There was once an Emperor who surrounded himself with people more interested in their own well-being than that of the good of the empire. These distinguished members of the court enthusiastically showered the Emperor with all manner of praise, no matter what he happened to be doing. Nobody was willing to tell the truth, because everyone wanted to be included so that they could continue to enjoy the material benefits of being in the Emperor's good graces.

One fine morning, a very clever man showed up at the Emperor's Palace and claimed to be the finest tailor the world had ever known. Somehow, this man gained an audience with the Emperor, and told him that he would make a suit of finery so intricate, so bold, so stunning to the eye that the world would throw itself at the Emperor's feet and worship his sartorial splendor forever.

Read more ...

Content on the Beat

WARNING: All articles and photos with a byline or photo credit are copyrighted to the author or photographer. You may not use any information found within the articles without asking permission AND giving attribution to the source. Photos can be requested and may incur a nominal fee for use personally or commercially.

Disclaimer: If you find errors in articles not written by the Beat team but sent to us from other content providers, please contact the writer, not the Beat. For example, obituaries are always provided by the funeral home or a family member. We can fix errors, but please give details on where the error is so we can find it. News releases from government and non-profit entities are posted generally without change, except for legal notices, which incur a small charge.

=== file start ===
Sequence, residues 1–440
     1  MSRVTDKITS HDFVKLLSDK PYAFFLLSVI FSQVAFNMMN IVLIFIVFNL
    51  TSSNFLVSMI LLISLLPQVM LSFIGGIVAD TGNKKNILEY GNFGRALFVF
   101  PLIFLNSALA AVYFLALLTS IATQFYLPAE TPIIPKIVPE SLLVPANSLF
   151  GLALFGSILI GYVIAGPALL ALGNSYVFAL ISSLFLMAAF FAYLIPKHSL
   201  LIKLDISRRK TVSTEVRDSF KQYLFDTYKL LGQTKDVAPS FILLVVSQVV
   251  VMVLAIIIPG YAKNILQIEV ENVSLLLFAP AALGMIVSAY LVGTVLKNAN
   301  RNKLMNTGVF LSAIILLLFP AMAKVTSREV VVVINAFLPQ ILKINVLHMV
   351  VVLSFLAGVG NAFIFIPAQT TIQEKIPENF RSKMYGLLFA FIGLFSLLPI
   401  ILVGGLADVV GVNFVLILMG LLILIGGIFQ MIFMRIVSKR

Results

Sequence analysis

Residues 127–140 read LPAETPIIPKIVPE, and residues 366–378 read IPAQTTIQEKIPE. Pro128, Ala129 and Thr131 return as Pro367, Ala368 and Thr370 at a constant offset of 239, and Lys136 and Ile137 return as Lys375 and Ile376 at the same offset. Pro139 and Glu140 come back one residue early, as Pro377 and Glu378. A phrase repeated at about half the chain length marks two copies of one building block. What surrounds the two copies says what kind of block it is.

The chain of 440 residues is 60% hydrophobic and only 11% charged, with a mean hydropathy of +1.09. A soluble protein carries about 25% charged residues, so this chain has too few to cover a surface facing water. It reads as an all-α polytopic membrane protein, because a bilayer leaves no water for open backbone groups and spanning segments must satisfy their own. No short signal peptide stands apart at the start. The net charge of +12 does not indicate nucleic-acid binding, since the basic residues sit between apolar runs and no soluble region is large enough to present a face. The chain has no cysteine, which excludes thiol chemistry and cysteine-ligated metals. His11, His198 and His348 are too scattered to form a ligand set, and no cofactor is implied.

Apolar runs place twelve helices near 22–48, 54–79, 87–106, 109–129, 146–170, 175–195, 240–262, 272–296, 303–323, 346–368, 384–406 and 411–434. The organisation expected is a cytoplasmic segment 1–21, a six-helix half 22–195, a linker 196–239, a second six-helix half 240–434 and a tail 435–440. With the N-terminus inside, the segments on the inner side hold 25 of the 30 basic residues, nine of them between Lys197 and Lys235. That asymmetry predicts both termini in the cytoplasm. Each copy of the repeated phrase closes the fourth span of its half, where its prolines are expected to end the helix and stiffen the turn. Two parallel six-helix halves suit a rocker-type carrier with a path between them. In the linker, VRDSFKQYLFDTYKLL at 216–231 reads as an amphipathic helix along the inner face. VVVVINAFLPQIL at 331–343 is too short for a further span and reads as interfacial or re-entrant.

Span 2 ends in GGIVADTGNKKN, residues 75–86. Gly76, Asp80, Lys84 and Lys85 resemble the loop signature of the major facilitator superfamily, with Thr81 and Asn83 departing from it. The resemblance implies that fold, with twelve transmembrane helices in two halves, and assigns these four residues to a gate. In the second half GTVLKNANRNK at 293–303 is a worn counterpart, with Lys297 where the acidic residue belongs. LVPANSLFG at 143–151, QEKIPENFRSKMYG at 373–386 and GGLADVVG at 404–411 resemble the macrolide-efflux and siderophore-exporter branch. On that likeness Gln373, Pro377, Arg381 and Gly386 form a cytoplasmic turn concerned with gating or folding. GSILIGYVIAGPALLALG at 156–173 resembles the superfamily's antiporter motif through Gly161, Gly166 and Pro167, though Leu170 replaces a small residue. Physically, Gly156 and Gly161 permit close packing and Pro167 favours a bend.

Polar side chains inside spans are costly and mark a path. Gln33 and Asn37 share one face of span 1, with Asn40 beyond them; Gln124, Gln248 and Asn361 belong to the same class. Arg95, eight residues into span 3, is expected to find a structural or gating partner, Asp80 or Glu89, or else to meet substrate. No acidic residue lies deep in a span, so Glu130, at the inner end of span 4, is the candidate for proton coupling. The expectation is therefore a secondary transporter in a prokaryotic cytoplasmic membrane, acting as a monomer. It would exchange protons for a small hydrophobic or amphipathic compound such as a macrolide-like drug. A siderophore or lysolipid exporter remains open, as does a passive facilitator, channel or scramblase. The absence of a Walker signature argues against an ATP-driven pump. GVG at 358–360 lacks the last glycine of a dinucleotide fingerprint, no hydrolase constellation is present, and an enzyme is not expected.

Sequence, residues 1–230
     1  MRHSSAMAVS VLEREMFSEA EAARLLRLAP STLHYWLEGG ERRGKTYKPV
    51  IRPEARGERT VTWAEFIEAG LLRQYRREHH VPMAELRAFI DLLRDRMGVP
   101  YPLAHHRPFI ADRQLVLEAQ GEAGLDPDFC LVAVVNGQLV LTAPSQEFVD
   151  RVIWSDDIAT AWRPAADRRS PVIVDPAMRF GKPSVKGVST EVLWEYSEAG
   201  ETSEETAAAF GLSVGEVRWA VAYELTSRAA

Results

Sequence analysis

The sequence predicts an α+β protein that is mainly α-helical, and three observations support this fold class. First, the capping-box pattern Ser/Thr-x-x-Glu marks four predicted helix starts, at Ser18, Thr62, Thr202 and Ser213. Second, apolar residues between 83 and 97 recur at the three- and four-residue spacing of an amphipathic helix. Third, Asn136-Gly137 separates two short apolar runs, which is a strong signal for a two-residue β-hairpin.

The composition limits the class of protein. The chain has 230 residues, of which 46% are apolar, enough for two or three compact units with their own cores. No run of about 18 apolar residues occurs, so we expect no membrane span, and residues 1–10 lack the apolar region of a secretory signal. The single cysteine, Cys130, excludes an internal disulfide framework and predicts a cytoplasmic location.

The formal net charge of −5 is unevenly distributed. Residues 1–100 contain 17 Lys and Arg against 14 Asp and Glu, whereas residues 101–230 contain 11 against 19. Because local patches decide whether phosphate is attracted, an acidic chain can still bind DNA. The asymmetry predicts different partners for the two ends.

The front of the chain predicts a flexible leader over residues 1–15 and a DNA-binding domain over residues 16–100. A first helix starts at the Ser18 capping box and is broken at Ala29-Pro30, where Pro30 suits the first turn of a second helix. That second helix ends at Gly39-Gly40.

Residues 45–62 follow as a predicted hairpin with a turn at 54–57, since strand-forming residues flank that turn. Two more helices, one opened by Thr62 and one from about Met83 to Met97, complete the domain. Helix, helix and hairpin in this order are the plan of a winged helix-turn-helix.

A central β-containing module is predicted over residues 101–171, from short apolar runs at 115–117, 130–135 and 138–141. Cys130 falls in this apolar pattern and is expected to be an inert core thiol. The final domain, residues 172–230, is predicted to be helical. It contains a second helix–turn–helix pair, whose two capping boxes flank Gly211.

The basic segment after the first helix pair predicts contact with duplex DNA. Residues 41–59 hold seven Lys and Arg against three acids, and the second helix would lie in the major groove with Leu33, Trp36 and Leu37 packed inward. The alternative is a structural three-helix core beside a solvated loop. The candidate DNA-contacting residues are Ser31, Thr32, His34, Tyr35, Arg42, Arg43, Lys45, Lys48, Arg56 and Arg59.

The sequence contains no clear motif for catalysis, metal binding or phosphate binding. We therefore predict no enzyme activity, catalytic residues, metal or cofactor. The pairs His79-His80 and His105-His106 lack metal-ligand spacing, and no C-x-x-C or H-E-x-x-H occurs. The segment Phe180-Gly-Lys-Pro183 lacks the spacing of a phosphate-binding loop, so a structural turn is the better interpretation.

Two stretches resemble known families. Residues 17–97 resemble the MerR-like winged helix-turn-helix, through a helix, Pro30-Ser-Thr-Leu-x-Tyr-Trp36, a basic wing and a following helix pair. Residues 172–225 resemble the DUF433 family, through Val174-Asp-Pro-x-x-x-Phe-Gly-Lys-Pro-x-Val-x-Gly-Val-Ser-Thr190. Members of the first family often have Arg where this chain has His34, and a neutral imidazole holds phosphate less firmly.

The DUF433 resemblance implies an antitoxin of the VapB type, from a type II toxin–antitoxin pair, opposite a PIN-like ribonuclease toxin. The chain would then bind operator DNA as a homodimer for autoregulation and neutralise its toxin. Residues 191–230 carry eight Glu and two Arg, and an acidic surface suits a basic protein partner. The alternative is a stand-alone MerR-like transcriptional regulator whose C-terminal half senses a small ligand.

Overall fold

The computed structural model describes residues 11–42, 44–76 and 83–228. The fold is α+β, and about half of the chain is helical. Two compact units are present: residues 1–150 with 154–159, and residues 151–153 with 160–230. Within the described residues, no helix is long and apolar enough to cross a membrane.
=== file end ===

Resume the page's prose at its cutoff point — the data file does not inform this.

NOTE: If an article does not have a byline, it was written by someone not affiliated with the Beat and then sent to the Beat for posting.

Images: We have received complaints about large images blocking parts of other articles. If you encounter this problem, click on the title of the article you want to read and it will take you to that article's page, which shows only that article without any intruders. 

New Columnists: The Beat continues to bring you new columnists. And check out the old faithfuls who continue to provide content.

Newsletter: If you opt in to the Join GCB Three Times Weekly Updates option above this to the right, you will be subscribed to email notifications with links to recently posted articles.

Submitting to the Beat

Those new to providing news releases to the Beat are asked to please check out submission guidelines at They are for your information to make life easier on the readers, as well as for the editor.

Advertising: Don't forget to tell advertisers that you saw their ads on the Beat.

Classifieds: We have changed Classifieds to a cheaper and shorter option. Check periodically to see if any new ones have popped up. The former software failed us, so it's just a category now, with prices posted. Send your information to and we will post it as soon as we can. Instructions and prices are on the page.

Editor's Notes

It has come to this editor's attention that people are sending information to the Grant County Beat Facebook page. Please be aware that the editor does not regularly monitor the page. If you have items you want to send to the editor, please send them to Thanks!

Here for YOU: Consider the Beat your DAILY newspaper for up-to-date information about Grant County. It's at your fingertips! One Click to Local News. Thanks for your support for and your readership of Grant County's online news source—

Feel free to notify if you notice any technical problems on the site. Your convenience is my desire for the Beat.  The Beat totally appreciates its readers and subscribers!  

Compliance: Because you are an esteemed member of The Grant County Beat readership, be assured that we at the Beat continue to do everything we can to be in full compliance with GDPR and pertinent US law, so that the information you have chosen to give to us cannot be compromised.